Located in the northeastern corner of the province, the community of Fort Nelson is the gateway to the Northern Rockies. With a population of approximately 3,000, many people in this Peace River municipality have not been directly exposed to the demographic and cultural diversity experienced daily at larger urban centres.
This is why Heather Sawin, a proud Fort Nelson resident and mother of three, says that when her youngest came out no formal support was available for them and their family in the community.
The need for a safe space for LGBTQ2+ youth and allies to meet, share experiences and have fun at home, in Fort Nelson, was evident.
“Ray, my youngest, went from a happy, go-lucky kid at the age of eleven to suddenly being withdrawn and reserved,” recalls Heather. “It took him talking to his older sister, who at the time was training to be a therapist, to come out and identify himself as Transgender.”
The closest support for the family was in Prince George, approximately 800 kilometres or an 8-hour drive away. This was not convenient or sustainable for Heather and Ray.
“While we did not have an immediate support in Fort Nelson, we had the larger provincial and national community as a resource for our family,” says Heather. “Groups like those run by Gender Outlines in Prince George and Gender Creative Kids in Montreal helped guide us at first. Then, thanks to their connection with Trans Care BC northern representative, Jean Baptiste, they were encouraged to apply for the Trans Care BC peer and community project support initiative.”
The seed of an idea for Rainbow Connections was born. Ray and Heather wanted to create a safe space for their peers in Fort Nelson and the Northern Rockies Regional Municipality.
“Rainbow Connections started as two parallel groups running separately but at the same time,” explains Heather. “One was a peer-led support group for parents of gender-diverse kids to share experiences and better support the growth and exploration of their LGBTQ2+ youth. The second was a facilitated safe space for gender-diverse youth and allies to meet, share experiences and have fun.”
Rainbow Connections groups meet in two different sides of a building. While both groups had a slow start, soon after word got out through the LGBTQ2+ community, youth and their parents started to come out.
“I think I’m a good parent, but when your kid hits adolescence they don’t want to talk to you that much and additional support is welcome,” adds Heather.
Jeff, a social worker from Northern Health who supported the project, joined Rainbow Connections and the kids were immediately drawn to him.
Altogether, Rainbow Connections has seen seven youth, three of whom join meetings regularly. The group travelled to Fort St. John for their Pride Walk on June 1 this year. “The support from Trans Care BC has allowed us to fund this and transportation for our youth members,” says Heather. “We have no public transport in Fort Nelson and some of our youth travel long distances to connect with their peers in this safe space.”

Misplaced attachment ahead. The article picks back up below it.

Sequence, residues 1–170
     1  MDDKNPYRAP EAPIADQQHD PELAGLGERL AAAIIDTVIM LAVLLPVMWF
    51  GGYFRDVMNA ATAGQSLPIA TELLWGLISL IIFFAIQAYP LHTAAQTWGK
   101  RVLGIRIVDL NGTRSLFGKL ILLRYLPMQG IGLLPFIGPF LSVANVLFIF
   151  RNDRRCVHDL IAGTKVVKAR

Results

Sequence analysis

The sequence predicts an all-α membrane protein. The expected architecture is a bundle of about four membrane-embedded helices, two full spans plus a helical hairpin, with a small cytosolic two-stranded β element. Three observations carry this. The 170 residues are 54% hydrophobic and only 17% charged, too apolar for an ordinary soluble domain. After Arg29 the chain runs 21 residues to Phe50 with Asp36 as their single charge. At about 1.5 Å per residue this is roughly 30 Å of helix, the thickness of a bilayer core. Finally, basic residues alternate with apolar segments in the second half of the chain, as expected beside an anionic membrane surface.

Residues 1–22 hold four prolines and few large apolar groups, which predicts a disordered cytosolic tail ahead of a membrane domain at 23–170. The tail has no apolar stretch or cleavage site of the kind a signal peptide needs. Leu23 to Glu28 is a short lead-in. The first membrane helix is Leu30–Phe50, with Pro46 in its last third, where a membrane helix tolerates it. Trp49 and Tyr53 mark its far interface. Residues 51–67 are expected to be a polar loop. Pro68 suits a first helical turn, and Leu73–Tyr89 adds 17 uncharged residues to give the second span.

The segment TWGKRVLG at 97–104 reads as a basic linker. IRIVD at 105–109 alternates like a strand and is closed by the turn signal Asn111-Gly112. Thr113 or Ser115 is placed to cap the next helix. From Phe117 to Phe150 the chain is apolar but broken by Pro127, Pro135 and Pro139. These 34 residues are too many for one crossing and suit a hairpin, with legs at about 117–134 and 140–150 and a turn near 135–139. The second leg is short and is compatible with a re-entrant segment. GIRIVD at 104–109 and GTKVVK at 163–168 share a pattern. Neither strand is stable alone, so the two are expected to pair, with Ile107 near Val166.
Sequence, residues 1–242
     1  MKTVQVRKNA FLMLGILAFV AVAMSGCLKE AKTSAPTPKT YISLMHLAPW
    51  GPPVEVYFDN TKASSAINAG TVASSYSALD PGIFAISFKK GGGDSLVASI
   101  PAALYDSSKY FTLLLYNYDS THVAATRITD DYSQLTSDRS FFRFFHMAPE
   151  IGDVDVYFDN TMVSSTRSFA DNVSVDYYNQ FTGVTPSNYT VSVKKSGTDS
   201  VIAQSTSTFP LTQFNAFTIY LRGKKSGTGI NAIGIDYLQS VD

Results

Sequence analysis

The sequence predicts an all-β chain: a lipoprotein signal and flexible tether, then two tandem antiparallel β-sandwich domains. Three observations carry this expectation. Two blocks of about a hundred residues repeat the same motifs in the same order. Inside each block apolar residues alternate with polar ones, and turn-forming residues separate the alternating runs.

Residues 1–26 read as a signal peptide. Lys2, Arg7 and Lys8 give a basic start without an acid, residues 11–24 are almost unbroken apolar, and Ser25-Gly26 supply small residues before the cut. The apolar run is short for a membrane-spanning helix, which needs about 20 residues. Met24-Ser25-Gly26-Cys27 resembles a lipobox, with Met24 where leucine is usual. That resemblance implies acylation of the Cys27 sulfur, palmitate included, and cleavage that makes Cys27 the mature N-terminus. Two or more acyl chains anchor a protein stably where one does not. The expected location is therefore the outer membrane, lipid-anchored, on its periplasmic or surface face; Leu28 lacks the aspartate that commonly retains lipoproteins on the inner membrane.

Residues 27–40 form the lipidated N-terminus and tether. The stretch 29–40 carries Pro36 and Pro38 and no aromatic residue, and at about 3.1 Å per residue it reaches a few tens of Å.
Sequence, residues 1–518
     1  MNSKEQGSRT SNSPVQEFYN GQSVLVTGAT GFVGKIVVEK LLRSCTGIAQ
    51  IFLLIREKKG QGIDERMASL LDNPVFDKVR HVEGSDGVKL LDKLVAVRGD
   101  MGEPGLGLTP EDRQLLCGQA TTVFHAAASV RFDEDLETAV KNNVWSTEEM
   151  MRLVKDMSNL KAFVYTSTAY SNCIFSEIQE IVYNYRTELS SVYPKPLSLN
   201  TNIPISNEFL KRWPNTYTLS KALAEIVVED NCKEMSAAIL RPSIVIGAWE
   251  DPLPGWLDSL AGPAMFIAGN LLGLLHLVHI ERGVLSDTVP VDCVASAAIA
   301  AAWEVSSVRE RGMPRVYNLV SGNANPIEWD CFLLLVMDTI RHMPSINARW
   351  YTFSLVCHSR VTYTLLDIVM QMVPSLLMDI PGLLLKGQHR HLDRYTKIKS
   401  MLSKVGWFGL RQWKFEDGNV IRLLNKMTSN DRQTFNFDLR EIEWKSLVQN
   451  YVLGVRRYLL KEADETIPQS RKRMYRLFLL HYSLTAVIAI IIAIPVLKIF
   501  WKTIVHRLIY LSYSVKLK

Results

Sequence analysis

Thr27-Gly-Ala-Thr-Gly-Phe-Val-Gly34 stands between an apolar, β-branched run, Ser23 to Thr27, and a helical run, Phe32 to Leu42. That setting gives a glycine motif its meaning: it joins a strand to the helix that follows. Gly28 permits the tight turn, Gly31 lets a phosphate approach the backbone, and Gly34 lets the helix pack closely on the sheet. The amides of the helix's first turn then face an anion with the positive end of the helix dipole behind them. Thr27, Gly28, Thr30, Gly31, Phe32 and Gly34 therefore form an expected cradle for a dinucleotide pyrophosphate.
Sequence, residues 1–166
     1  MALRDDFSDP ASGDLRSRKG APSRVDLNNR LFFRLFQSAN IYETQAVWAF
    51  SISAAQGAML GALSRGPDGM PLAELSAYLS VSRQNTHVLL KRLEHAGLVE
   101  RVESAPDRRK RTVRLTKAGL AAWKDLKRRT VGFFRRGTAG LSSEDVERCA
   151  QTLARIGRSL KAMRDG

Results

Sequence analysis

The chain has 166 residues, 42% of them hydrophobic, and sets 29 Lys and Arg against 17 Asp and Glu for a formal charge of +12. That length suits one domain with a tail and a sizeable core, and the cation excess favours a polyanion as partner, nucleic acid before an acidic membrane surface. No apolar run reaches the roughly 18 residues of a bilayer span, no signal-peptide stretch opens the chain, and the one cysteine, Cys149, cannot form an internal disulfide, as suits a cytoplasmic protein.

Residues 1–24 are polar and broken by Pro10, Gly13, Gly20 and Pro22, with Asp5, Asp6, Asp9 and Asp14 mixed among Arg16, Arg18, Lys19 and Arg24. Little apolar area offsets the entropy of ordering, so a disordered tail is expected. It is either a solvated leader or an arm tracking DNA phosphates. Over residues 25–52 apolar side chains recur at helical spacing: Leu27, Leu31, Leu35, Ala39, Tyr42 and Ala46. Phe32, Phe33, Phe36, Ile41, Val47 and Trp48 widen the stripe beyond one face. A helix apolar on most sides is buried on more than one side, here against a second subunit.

In addition to transportation funds, Trans Care BC resources also allowed Rainbow Connections to support the local Arts Council in bringing author and speaker Ivan Coyote to the community.
“Ivan Coyote came to speak at the local high school,” says Heather. “The kids opened up to them, and the youth were able to build on their ideas and energy in preparation for another engagement next year.”
As for the future of Rainbow Connections, Heather is most excited about continuing to grow the community in northern B.C.
“When Ray and I started, we thought we were alone in the woods,” says Heather. “We have now held our first allies meeting, forged partnerships with the local Arts Council, library, Literacy Society and more groups. This reflects how our community is getting involved and is becoming more accepting and embracing of our gender diverse youth as they become more exposed to our diversity.”
And when referring to her relationship with Ray and how their community has impacted her, Heather says, “He has awakened me.”
“People have been approaching me and telling me about Rainbow Connections without realizing I’m one of its co-founders,” says Heather. “Most importantly, Ray, as an ambassador for our community group, lights up when people show an interest in him and his story. Recently, at a Pride event in Prince George, as we walked around I said to my oldest daughter, ‘this is the first place where I haven’t been able to pick Ray out of a crowd.’ This community is a beautiful connection to have.”
Rainbow Connections usually meets the first Friday of each month.
Trans Care BC works alongside peers and community members to improve equitable access to information, resources, and supports for peer-led and gender-affirming support services across British Columbia.
Our program defines "peer" as trans, gender diverse, and Two-Spirit community members including children, youth, and adults, as well as their parents/caregivers, families, and loved ones. Peer support refers to the emotional and practical support and connection between people who share a common experience. Peer support provides an enriching opportunity to engage in knowledge exchange, resource sharing, social connection, mentorship, and personal growth.
We recognize that community partners, such as non-profit organizations and support service agencies, play an important collaborative role in supporting the development and sustainability of community peer supports.
For more information on how Trans Care BC helps connect British Columbians to gender-affirming and wellness supports as close to home as possible, please visit transcarebc.ca/care-support.